10 Major Revisions to the Japanese Civil Code
Part Seven – Interest Rates and Set-off

By Shinya Yoshida and Peter Cassidy



This is the final column in our series on revisions to Japan’s Civil Code. looks at two issues concerning contracts – cancellation and mistake. There has been a major change to the principle regarding cancelling a contract. Also, the Code has been revised to change what happens when a party discovers a mistake in a contract; in other words, they find out that they what they have signed is not what they intended.

Statutory interest rates and late payment charges

Under the current Civil Code, the statutory interest rate is 5%, while under the Commercial Code it is 6%. The revised Civil Code initially lowers the statutory interest rate to 3% and adopts a floating rate system where the rate will be subject to review every 3 years and will consider factors such as changes in market rates. On the other hand, the Commercial Code’s statutory interest rate of 6% that currently applies to commercial transactions between businesses will be repealed with the revision of the Civil Code.

This change to the statutory interest rate will have a large effect on the amount of damages claimed by plaintiffs in personal injury cases. In cases such as traffic and workplace accidents, interest on the amount of compensation can be claimed from the date of the accident, but this will be reduced from the current 5% down to 3%, which means that the amount of compensation payable will decrease. On the other hand, the amount of compensation for the plaintiff’s loss of future income due to death or permanent injury will be increased.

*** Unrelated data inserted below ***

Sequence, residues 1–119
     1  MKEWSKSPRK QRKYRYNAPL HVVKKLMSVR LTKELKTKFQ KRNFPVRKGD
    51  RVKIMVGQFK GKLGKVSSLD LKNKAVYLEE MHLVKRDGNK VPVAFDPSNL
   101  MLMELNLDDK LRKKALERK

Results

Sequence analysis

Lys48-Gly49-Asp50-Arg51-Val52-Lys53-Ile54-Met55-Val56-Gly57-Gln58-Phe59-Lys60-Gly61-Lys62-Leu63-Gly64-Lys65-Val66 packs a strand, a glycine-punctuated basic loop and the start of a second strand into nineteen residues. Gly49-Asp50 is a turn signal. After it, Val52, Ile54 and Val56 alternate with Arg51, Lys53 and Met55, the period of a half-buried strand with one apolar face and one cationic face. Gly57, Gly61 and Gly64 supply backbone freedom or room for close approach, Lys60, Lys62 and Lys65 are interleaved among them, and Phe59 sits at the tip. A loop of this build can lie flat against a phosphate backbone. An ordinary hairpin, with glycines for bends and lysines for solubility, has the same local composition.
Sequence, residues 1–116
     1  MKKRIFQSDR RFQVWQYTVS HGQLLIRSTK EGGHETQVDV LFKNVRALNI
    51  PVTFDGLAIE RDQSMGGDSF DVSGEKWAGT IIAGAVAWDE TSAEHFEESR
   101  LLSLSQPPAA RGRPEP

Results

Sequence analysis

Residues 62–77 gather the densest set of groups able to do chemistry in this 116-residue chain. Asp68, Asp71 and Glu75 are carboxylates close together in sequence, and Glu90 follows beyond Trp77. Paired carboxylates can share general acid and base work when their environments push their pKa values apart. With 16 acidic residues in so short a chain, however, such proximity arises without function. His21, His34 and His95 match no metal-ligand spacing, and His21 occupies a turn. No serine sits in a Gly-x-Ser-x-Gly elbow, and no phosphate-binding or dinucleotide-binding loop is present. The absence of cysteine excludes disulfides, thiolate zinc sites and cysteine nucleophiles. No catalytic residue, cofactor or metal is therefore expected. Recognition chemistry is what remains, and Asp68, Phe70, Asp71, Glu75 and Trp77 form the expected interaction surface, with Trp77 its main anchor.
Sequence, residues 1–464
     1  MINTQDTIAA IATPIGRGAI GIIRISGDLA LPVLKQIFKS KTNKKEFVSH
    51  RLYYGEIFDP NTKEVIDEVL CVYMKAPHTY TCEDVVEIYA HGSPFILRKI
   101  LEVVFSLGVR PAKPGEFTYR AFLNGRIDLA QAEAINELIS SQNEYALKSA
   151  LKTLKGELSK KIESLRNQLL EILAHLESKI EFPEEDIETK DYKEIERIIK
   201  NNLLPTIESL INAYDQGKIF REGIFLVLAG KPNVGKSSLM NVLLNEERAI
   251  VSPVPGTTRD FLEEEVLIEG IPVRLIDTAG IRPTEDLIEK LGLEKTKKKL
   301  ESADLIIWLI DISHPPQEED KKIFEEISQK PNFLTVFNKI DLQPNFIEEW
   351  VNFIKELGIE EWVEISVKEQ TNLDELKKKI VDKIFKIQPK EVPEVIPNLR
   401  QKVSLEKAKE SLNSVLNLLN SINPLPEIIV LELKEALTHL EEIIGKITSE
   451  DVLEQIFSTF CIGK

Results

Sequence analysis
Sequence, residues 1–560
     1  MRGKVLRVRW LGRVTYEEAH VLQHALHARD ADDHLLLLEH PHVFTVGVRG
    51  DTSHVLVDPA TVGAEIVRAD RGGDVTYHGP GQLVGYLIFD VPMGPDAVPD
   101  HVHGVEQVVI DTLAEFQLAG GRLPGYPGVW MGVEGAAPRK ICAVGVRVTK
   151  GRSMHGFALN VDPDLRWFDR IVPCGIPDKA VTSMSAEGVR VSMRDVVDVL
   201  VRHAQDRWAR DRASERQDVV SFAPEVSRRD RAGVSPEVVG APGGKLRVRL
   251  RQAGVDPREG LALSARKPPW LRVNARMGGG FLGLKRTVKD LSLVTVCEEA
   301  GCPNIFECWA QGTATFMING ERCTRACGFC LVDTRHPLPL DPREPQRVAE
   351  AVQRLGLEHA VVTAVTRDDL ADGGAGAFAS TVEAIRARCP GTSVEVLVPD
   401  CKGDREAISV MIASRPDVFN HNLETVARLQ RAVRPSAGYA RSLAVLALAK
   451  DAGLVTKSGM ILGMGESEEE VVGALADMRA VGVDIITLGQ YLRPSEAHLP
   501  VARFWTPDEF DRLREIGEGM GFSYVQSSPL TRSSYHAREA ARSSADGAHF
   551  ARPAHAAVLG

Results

Set-off of property damage

Setting off of property damage claims, for example in the case of a traffic accident, is where the amount of damage suffered by each party is calculated and the party suffering more damage and a claim is made for the difference between the two amounts. Such set-offs are not permitted under the current Civil Code unless both parties agree. Therefore, it is often the case that if one party commences litigation the other party must commence a separate claim for their own damage. This invites unfair results in various situations, such as where both parties obtain court orders for the payment of compensation to each other and one party fails to pay or becomes bankrupt before making the payment. In this case, the non-bankrupt party must pay what they owe, but will be unable to receive the full value of their own claim (if anything at all). The revisions to the Civil Code allow a set-off of opposing amounts of damage and a claim for the difference between the amounts in cases concerning property damage, even if the parties have not reached an agreement concerning such a set-off. This revision differs from case law, which has maintained the position of denying such set-offs. However, bad-faith set-offs are still prohibited, as is the setting off claims involving personal injury (unless the person who suffered the injury agrees).

Conclusion

As mentioned in the introduction to the first column, it will be at least two years before these revisions to the Civil Code come into effect, in the second half of 2019 at the earliest. Some of the points that have been discussed, such as the interest rates and set-off covered in this column, only come into consideration once a problem arises, so all we can do is bare them in mind and be ready to act if necessary. On the other hand, we can start planning in advance for some of the other matters, like the revised laws governing standard terms and conditions forms. The two-year period before the revisions come into force gives everybody in industry the opportunity to plan their response, including updating forms or drafting new ones. We hope this series has given you an insight of what to expect when the revised Code comes into effect.